10 Best Attractions of the Dandenong Ranges

10 Best Attractions of the Dandenong Ranges

Make a side trip to Dandenong Ranges from Melbourne to see its best attractions. You won't regret it.

dandenong ranges attractionsImage credit : Alan Samuel

Dandenong Ranges is a complete package of Australia’s soil – from its native flora and fauna to the country’s aboriginal connection, the ranges have multiple awe-inspiring attractions that continue to fascinate both locals and foreigners regardless of how many times they have driven down.

Also read: 3 Reasons to Visit Melbourne’s Dandenong Ranges

Here’s our pick of 10 attractions in the Dandenong Ranges, but we reckon you need more than a day’s visit for sure!

1. SkyHigh Mt Dandenong

Image credit: Chrissy Downunder

If you’re thinking of a good family outing while in Dandenong, or simply would like to capture the beauty of the Dandenong Ranges, it is best to kick-start your trip at SkyHigh!

At a height of 633 metres above sea level, you can catch the panoramic view from Port Phillip Bay and the You Yang Ridges to Mount Blackwood and Mount Macedon. You can also see fringes of Melbourne city set against the Brisbane ranges. Just hope the clouds don’t descend to block your view, but nevertheless, the view is still spectacular. And if you are keen on witnessing a brightly lit version of this panorama, you can come after dusk!

But SkyHigh Mt Dandenong isn’t only about the view! They are other activities to keep you busy. This includes an amazing SkyHigh Maze, which even adults can enjoy! The maze has four secret areas and every corner surprises visitors with beautiful sculptures and illusions, and even butterflies. But in fact, the maze is a horticultural beauty, immaculately maintained and well organised with Lilly Pilly as its main hedges. There are also climbers such as the native Wonga vine and climbing rose, Pierre de Ronsard. If you complete the maze – make sure you stamp your passports along the way as you discover all four secrets – you can become a SkyHigh maze master! Now that’s a souvenir to keep!

Apart from the maze, there’s the Giant’s Chair, World Fountain, Australiana Tree and Percy Possum’s House to admire, but do not leave without taking a stroll at the English Garden. From its sweeping lawns and canopy of Australian Blackwoods to its majestic variety of flowering shrubs and perennials, the garden boasts peace and tranquillity, and also loads of photo opportunities! There is also a gazebo at the far end of the garden set against a backdrop of roses, azaleas and liriopes.

Entry to the area is $6 per car!

2. Puffing Billy

Image credit: ccdoh1

One of the finely preserved steam railways in the world, Puffing Billy is a century-old steam train that chugs along its original track – the 25-kilometre mountain trail from Belgrave to Gembrook. Its open sided carriages allow passengers to dangle their legs over and catch the stunning views of the beautiful forests and gullies of the ranges the train passes through. While there are first class options with fully enclosed dining carriages, the Puffing Billy experience is incomplete without taking in the spectacular sceneries of the surroundings, especially so if this is your first time on a steam train.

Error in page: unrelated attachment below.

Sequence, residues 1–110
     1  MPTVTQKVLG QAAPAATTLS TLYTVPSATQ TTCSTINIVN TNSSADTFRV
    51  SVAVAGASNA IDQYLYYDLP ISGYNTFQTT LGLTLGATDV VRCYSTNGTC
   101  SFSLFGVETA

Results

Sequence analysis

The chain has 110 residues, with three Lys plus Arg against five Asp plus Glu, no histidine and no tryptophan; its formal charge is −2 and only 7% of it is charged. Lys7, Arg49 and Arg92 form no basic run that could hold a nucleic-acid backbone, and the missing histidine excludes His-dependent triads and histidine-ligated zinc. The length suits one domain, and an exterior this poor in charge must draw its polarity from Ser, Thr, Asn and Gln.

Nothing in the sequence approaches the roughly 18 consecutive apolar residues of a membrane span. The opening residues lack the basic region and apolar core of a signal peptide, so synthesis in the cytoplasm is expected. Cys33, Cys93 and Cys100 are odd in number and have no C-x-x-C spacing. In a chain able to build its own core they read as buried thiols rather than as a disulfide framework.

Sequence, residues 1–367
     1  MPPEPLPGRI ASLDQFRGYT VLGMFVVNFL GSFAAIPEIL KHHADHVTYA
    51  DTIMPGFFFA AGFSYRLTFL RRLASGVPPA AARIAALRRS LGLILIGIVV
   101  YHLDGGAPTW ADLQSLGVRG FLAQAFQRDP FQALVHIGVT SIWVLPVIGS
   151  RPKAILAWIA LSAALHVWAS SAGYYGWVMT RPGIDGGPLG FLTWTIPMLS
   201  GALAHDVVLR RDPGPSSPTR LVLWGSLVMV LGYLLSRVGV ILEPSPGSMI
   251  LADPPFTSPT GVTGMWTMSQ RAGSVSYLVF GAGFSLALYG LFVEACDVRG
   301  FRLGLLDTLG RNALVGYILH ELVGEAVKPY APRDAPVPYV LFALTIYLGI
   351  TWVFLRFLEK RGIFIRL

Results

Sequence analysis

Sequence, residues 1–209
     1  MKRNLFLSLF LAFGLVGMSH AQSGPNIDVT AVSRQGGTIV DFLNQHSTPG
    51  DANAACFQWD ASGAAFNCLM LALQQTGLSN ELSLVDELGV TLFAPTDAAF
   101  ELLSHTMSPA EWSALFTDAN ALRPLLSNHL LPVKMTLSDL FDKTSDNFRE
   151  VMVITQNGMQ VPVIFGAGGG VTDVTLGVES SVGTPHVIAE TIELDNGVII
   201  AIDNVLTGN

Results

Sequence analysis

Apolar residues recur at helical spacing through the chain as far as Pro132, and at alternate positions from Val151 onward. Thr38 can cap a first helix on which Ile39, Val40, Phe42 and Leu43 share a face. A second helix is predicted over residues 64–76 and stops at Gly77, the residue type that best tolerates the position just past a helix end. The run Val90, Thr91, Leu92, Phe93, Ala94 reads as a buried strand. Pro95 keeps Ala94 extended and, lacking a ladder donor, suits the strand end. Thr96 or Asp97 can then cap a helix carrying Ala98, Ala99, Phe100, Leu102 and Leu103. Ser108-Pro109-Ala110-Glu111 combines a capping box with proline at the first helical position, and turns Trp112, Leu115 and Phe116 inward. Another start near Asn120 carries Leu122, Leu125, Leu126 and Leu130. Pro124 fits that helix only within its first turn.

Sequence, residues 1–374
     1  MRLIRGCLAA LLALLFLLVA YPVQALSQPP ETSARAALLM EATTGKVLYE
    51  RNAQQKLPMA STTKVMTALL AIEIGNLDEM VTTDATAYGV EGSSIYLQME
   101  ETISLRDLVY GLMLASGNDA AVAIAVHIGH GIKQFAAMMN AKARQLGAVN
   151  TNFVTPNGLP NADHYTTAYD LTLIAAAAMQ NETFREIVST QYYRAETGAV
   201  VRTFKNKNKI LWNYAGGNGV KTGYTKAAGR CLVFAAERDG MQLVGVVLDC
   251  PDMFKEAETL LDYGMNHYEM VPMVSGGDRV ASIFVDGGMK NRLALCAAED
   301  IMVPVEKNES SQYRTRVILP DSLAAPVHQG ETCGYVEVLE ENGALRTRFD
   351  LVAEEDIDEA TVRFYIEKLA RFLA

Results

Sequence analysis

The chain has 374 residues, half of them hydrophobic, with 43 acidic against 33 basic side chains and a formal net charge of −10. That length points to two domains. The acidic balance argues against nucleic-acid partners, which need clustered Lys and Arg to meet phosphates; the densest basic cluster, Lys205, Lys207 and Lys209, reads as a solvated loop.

Image credit: michaelgreenhill

A few must-see landscapes: the stunning Sherbrooke Forest that is filled with native Mountain Ash trees, the tallest flowering hardwood in the world; the Trestle Bridge that is 12.8 metres high; the extensive view of Port Phillip Bay as the train approaches Menzies Creek; Lakeside situated in Emerald Lake that is not only great for family picnics but just to take in the picturesque view of the landscape; the Wright Forest that boasts tall and large strands of Stringy Bark and other eucalypt trees.

There are also themed night trains such as Murder on the Puffing Billy Express and Rhythm and Blues on Puffing Billy, among many others. Fares vary between children and adults, but there are family packages available!

3. Olinda Falls

dandenong ranges attractionsImage credit: r reeve

Located in Olinda Reserve, Olinda Falls may not be massive, but it is pretty enough to add to your experience at the Dandenong Ranges. The walk from Olinda Falls carpark (or the picnic ground) takes about 10–15 minutes, where after about 300 metres, you are given the option to visit the upper or lower falls viewing platforms. While the lower falls gives you the tranquil view of the falls, the upper platform will allow you to take in the natural landscapes all around the area.

And if you are lucky, you might spot a wallaby or a lyrebird!

4. Sherbrooke Falls

Image credit: r reeve

Another beautiful waterfall to catch is the Sherbrooke Falls, which is slightly larger than the one in Olinda, but is considered to be a renowned oasis amid the green landscape of the ranges. The walk to the falls begins at Sherbrooke Picnic Ground, and the path boasts mind-blowing sceneries of mother nature, including neat rows of the region’s finest sassafras, and mountain ash trees. Apart from its flora, which can be up to 200 years old, you will be able to spot some beautiful fauna, such as the suburb lyrebird and the blue-winged parrot.

5. Cardinia Reservoir Park

Image credit: Alan Samuel

Image credit: Chris Samuel

If you’re thinking of having a relaxing family picnic on some grassland amid picturesque sceneries, and also don’t mind some kangaroo friends, head to Cardinia Reservoir Park! Previously a water supply dam, the azure blue reservoir is massive. Catching the breath-taking view of the sunset at the reservoir viewing area will definitely be memorable.